47-year-old Balukh has been on hunger strike since 19 March 2018. On the 25th day, he began taking the minimum amount of food needed to prevent the occupation authorities from applying force-feeding. This symbolic amount of food was used by the Russian-controlled prison and court to ignore the need for medical care and a separate cell. There appear to have been no changes made to the appalling condition in which he (together with other political prisoners) is held in at the Simferopol SIZO [remand prison]. This is despite the fact that since 23 June Balukh has again been refusing all food and is evidently very weak.
Balukh had suffered a string of administrative prosecutions on trumped-up charges from the beginning of Russia’s occupation of Crimea, with all very clearly linked with the Ukrainian flag he insisted on flying over his home and his unconcealed opposition to Russia’s annexation.
He was first arrested on criminal charges on December 8, 2016, nine days after he nailed a plaque renaming his home No. 18 “Heroes of Nebesna Sotnya St’ in memory of the over 100 Maidan activists who were killed during Euromaidan. He had rejected demands from the head of the local council to remove it.
The arrest followed an unexplained search which allegedly found 90 bullets and several trotyl explosive devices in his attic. He had no record of violence and the constant searches and harassment he had faced since Russia’s invasion of Crimea for his openly pro-Ukrainian position made it inconceivable that he could have held anything illegal in his home. This was one of the multiple reasons why the Memorial Human Rights Centre almost immediately declared him a political prisoner.
There was an almost unconcealed level of falsification in this case. The officer who had supposedly found the ammunition had not been on duty that day and could not name the individuals who had instructed him to be present or their position in the law enforcement bodies. He also had no explanation for why he had also climbed onto the roof and removed the Ukrainian flag flying there.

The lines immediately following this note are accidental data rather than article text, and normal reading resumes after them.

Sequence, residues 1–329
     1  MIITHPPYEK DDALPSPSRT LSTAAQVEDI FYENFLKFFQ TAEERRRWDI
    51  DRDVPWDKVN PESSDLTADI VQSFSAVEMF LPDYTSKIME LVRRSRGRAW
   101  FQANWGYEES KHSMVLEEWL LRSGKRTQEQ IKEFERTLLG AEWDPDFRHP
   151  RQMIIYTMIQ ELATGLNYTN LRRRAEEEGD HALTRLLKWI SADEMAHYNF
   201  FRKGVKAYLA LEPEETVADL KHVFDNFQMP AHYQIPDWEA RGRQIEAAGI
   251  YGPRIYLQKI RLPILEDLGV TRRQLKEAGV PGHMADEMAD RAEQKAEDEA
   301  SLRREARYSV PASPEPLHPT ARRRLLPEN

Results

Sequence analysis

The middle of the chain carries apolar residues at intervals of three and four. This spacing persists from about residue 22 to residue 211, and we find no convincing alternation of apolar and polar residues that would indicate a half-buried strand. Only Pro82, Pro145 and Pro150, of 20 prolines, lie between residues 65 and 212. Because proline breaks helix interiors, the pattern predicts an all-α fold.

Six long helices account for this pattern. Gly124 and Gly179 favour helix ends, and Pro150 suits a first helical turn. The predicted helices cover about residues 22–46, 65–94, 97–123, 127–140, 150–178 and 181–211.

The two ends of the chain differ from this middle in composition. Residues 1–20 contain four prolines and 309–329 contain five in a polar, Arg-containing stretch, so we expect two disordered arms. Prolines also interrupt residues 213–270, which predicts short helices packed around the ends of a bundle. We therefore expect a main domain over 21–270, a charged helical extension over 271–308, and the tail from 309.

The ammunition which the men, wandering in some unclear capacity around the Balukh home, allegedly found, had no fingerprints or other traces to indicate that any member of the family had touched them. Most important, the ammunition in question was on the official register of weapons and ammunition in Barnaul, the Altai region of the Russian Federation, and was produced back in 1989. Neither Balukh nor his common-law wife had been allowed to see what was going on, with the officer who effectively held Balukh prisoner during the ‘search’ unable to give a sensible reason for doing so.
As Balukh noted during his final words to the court on January 15, ‘searches’ had been carried out on December 8, 2016 in both the home owned by Balukh’s wife, and that owned by his mother. Although the latter has four possible attic premises to search, these were not even opened. This clearly indicates that the men knew where the ammunition had been planted and knew there was no need to look further.
Despite all of the above, Balukh was sentenced to 3 years and 7 months’ imprisonment by Razdolne court ‘judge’ Maria Bedritskaya on August 4, 2017.
During the appeal hearing on October 2, the High Court in occupied Crimea revoked the sentence, having accepted the submission from lawyer Olga Dinze that Maria Bedritskaya should not have been the judge, as she had been involved in the earlier administrative prosecutions.
Balukh was very fleetingly released under house arrest, only to be taken back into custody on 16 January 2018, after ‘judge’ Yelena Tedeyeva from the same Razdolne District Court, passed an identical sentence to that which had been overturned.
Volodymyr Balukh is clearly in prison for remaining true to Ukraine, with the Russian occupation regime’s revenge also directed against his elderly and nearly blind mother who has been left alone with no possibility of even seeing her son.